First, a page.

Chestnuts. With any luck, they’ll produce before I’m dead
Lazy snow this morning, intermittent flakes against the windshield as I drove home in the pre-dawn from dropping my younger son at his favorite turkey hunting haunt. A big red Ford pickup pulled from a side road in front of me. The driver flicked a cigarette butt out the window, and in the dark I was captivated by the glowing ember as it bounced and scuttled across the hard-packed gravel road. A mile or so later, the passenger flicked his cigarette, too, but this one just lay there, slowly dimming, an animal drawing its last breaths. By the time I passed, it was done. The taillights of the Ford had disappeared, hidden around a sharp bend, and I thought I’d see them again once I got round, but the truck was moving too fast and I could not catch up.
A few minutes past five now, more light pouring into the sky by the minute, and I was glad to be out and about so early, the day stretched before me, my anticipation of it like a long-awaited meal. Snow still falling, but so, so softly, as if it didn’t even really want to land.
Haven’t posted music in a while, and maybe I’ve even posted this one before. But if so, it’s worth a second listen. James McMurtry doing Lights of Cheyenne.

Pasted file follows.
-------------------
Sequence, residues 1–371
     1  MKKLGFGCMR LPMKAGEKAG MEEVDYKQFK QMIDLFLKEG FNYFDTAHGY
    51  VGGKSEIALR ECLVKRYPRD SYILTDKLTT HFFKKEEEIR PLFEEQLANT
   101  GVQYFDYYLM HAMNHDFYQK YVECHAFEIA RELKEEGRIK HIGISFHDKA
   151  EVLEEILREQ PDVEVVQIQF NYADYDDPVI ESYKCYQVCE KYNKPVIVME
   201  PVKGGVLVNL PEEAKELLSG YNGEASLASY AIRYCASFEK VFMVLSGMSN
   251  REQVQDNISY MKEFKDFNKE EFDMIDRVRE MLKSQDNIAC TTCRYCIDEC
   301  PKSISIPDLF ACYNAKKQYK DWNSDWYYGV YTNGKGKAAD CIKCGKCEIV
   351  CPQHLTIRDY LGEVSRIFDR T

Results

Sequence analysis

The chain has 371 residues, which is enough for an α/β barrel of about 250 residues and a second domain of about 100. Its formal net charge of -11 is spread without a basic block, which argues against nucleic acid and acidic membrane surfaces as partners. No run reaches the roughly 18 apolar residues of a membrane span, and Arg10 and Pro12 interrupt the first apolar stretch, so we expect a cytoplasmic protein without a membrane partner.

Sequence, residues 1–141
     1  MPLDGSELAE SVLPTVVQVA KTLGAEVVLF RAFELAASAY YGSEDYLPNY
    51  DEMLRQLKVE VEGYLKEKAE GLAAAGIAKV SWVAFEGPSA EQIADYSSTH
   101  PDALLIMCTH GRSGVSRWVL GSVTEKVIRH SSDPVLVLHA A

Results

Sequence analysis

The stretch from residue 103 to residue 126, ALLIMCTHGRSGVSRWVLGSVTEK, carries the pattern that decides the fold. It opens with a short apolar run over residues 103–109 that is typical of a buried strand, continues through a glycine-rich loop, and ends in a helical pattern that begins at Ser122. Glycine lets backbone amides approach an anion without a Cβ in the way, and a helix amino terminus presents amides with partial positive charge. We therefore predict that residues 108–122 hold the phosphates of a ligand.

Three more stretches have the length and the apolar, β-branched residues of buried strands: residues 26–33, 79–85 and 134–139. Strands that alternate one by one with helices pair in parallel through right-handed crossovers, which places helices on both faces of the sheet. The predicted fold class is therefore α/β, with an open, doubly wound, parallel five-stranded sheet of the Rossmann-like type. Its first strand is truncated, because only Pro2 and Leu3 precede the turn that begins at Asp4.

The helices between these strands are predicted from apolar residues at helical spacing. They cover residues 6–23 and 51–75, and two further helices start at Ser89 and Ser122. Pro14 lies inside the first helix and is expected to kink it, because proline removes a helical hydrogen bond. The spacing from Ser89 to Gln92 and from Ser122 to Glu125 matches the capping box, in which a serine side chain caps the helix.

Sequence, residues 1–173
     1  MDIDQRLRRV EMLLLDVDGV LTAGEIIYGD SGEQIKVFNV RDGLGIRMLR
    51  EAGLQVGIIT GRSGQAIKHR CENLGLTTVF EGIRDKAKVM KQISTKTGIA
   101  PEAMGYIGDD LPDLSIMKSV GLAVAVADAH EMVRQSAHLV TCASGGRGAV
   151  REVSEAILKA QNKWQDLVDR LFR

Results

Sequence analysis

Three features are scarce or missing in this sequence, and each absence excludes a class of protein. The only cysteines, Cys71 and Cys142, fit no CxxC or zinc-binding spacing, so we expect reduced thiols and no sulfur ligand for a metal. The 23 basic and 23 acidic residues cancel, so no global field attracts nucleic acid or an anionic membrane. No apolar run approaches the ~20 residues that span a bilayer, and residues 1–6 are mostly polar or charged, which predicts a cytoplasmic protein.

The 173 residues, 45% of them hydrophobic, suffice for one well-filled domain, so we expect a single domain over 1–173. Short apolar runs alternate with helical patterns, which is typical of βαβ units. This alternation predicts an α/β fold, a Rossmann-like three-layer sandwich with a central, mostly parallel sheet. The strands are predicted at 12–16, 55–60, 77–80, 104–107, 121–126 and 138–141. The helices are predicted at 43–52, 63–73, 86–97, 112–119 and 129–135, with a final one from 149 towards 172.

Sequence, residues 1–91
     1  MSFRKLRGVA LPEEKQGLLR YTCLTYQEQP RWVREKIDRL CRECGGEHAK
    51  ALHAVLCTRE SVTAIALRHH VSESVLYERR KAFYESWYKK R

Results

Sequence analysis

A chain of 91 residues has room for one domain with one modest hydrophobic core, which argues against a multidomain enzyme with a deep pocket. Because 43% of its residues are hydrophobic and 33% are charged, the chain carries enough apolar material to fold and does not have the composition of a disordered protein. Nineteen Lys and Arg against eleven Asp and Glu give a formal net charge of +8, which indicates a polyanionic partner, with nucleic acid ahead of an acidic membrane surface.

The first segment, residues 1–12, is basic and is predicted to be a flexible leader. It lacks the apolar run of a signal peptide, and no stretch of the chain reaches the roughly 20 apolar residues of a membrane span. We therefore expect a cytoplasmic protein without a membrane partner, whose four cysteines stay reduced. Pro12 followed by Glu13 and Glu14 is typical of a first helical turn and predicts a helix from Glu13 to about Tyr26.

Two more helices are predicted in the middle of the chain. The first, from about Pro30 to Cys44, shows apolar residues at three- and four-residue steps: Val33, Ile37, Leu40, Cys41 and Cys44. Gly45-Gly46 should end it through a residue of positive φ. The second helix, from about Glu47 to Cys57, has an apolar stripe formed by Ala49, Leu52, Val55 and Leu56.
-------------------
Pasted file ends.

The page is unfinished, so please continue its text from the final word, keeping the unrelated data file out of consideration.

9 thoughts on “Snow in May”
“this one just lay there, slowly dimming, an animal drawing its last breaths.” GREAT metaphor! GREAT writing as always!!
I saw it snow and make up in June 1966 in Stowe, VT.
I planted two American Chestnut trees in Montpelier 4 years ago and last year they bore a dozen nuts so, unless you are planning on passing away soon, chances are very good you’ll be harvesting some nuts with your kids.
Regarding music, you have, of course, read that John Prine will be at Dartmouth the end of July!
Oh, sure… in Montpelier. But up this far north, it’s gonna take at least a few decades;)
Good luck to the turkey hunter!
I like how you notice the little things.
Yeah, but you should see how deftly I ignore the big things.
Oh, well, at least you notice something! I know people who don’t notice anything.
Liked the embers, Ben. Snowed in AZ too this morning, down the road from us in elevation 6,000 feet and higher. Much needed precipitation after 2 long dry months. Best of luck with the chestnuts.